A German Shepherd puppy doesn't have the same grasp of the English language that we do. If you say something like "down," meaning lie down and get off the couch respectively, this could confuse your German Shepherd puppy. You need to keep commands clear and the same throughout training. This will help avoid anxiety in your German Shepherd puppies. You wouldn't want to stress them out.
Staring Directly at Your Puppy
Dogs can get nervous with direct eye contact, and it can cause anxiety. Consider looking at your German Shepherd puppy from a side glance instead of dead-on, as this will be more relaxing for them. Of course, your dog is beautiful, and you want to look at it, but avoid staring. This will help decrease stress in your German Shepherd puppy.
Sometimes your dog does something wrong, but sometimes they are just a dog. If you leave food on the counter and your dog eats it, do not punish them, as this is typical dog behavior. Avoid the situation instead, and don't leave food out. It stinks you lost your meal but never punish a dog for being a dog. You wouldn't want to cause anxiety.
Telling Your Dog "It's Okay"
During thunderstorms and while at the vet, avoid saying, "It's okay," or "It's alright" to your dog. They will begin to associate these phrases with fear. Instead, give them treats to distract them and provide positive reinforcement. You wouldn't want your dog to get more afraid because you are consoling it. This could cause anxiety in your German Shepherd puppy.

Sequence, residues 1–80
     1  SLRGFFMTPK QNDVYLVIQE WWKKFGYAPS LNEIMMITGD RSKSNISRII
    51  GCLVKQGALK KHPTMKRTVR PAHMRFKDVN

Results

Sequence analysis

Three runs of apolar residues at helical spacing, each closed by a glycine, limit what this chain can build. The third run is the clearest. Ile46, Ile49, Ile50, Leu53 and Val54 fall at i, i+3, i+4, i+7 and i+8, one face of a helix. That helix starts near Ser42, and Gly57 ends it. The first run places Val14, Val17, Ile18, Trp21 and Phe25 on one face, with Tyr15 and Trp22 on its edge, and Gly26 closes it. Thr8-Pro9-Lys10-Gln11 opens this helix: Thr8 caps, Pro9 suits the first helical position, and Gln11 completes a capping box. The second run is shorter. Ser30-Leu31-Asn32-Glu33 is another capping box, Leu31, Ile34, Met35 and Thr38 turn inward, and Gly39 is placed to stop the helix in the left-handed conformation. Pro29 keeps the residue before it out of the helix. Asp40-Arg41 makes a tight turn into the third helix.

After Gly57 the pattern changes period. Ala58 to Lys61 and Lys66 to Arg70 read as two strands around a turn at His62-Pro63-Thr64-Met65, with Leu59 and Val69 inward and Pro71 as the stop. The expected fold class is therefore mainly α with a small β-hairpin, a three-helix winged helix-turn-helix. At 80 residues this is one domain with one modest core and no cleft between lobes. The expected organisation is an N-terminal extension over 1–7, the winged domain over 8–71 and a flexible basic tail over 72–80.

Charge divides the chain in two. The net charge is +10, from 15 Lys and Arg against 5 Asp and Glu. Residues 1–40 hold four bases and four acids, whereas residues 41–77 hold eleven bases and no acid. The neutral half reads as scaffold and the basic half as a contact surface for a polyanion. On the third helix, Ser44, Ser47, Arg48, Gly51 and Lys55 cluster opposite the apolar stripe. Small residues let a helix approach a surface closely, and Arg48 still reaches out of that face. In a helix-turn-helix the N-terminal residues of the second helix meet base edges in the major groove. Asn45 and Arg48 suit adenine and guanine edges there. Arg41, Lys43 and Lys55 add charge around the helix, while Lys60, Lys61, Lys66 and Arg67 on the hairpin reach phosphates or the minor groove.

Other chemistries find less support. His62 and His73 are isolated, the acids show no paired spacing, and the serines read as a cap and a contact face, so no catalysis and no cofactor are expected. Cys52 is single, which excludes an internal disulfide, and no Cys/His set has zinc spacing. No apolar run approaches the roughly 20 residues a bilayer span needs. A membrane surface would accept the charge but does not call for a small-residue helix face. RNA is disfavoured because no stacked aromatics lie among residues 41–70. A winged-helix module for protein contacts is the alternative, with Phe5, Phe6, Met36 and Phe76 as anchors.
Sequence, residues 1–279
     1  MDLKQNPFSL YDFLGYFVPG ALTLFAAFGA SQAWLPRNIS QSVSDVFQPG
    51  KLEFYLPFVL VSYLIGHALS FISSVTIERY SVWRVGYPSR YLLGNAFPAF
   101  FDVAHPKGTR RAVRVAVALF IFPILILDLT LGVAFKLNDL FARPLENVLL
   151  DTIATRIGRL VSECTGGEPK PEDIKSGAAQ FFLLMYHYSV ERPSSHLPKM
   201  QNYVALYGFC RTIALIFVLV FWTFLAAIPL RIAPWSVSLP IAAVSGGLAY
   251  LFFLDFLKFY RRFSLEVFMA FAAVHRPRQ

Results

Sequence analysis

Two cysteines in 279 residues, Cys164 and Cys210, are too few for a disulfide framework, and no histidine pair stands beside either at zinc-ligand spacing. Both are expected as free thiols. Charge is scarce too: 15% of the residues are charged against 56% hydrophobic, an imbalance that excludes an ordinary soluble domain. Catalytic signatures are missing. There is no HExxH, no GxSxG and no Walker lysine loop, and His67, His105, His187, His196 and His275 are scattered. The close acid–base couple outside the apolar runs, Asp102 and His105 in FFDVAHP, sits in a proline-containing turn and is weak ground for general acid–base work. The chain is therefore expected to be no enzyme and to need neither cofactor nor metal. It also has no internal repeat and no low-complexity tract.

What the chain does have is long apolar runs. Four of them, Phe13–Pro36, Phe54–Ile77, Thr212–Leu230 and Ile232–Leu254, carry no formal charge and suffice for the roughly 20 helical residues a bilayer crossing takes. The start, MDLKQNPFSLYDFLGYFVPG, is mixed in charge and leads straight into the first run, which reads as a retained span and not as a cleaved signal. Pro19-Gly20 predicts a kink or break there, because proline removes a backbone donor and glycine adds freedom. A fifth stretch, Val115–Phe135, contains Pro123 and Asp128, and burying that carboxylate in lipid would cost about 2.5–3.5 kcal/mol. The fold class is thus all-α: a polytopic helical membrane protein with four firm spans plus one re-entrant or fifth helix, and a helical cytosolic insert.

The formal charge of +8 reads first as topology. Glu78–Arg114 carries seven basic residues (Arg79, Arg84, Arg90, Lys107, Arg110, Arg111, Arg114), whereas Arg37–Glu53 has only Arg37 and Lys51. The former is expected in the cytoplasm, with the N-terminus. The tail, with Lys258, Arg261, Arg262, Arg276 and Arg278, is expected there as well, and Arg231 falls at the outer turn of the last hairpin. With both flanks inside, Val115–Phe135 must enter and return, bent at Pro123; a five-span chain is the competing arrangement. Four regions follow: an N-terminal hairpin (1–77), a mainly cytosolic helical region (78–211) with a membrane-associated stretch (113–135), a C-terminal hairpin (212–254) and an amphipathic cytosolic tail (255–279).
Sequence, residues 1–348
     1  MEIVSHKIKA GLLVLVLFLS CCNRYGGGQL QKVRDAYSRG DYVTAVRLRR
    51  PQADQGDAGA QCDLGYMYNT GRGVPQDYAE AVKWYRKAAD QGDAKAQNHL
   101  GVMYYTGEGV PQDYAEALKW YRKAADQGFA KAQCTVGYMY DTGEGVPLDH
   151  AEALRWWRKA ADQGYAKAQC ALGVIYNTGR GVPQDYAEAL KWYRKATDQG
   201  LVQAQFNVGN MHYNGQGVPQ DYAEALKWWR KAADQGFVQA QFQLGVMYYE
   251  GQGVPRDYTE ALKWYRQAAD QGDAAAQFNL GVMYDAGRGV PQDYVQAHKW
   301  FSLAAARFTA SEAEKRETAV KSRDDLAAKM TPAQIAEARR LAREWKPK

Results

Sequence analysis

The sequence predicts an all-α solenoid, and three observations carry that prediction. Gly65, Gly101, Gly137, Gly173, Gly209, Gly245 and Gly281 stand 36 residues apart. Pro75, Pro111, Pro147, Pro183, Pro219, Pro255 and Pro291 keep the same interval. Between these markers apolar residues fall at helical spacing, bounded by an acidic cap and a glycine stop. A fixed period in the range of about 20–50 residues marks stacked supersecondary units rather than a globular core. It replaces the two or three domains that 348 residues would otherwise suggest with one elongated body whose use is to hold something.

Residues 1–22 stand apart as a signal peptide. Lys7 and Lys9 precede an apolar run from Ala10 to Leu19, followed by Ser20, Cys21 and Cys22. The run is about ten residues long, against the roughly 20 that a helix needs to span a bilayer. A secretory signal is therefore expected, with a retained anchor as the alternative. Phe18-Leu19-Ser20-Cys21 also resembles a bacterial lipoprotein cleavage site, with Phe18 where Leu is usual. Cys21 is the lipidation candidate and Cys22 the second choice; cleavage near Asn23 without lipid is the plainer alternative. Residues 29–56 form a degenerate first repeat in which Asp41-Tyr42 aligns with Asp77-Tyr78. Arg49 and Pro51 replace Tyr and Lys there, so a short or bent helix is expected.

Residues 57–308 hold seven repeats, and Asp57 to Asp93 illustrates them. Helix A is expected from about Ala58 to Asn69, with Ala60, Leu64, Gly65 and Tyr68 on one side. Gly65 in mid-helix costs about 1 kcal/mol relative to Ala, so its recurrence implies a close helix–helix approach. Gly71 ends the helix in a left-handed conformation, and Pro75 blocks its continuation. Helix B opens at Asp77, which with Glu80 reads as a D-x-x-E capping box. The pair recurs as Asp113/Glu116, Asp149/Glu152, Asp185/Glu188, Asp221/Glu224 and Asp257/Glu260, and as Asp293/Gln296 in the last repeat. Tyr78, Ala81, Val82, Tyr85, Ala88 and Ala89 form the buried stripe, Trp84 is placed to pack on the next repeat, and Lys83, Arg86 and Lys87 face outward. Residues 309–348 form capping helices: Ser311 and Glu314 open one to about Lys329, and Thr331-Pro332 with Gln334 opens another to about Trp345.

A New Home
Moving can be very unfamiliar and anxiety-inducing to your German Shepherd puppy. This is more likely if you just adopted them. Show them around and make sure they are comfortable in their new home as they get familiar with it. This should ease with time spent in the new place. This will avoid anxiety for your dog.
Someone Left the Home
German Shepherd puppies don't understand that kids grow up and go to college. They think a particular person in the family is missing. This can cause anxiety in German Shepherd puppies. Please do your best to give them lots of affection and toys to stay busy. This will help reduce their anxiety.
Another Dog Passed Away
This can be traumatic for your German Shepherd puppy but should ease with time. Give them attention and do training exercises with them to distract them. This can help with anxiety in your German Shepherd puppy. It's sad for the whole family when a member passes away, and that includes other dogs.
You Are Emotional Around It
If you are emotional and erratic around your German Shepherd puppy, it will likely act the same way. Instead, stay calm and train your puppy to remain calm as well. Don't yell and scream around your German Shepherd puppy. Try to stay composed at all times. This may be easier said than done if that is an aspect of your personality but try your best. You wouldn't want to stress out your German Shepherd puppy.
Your dog could be anxious because it is fearful. This could be because of sirens or fireworks, or even another dog. Do your best to watch for body language and figure out what your German Shepherd puppies find so upsetting. You can help calm them by avoiding the situation in the future if you can.
Someone Has Been Mistreating It
This is primarily occurring if you recently adopted your German Shepherd puppy and took it out of a bad situation. However, if it is currently going on, then the dog may become fearful of that person. Watch for foul body language. It would be terrible if someone was hurting your dog and you didn't know.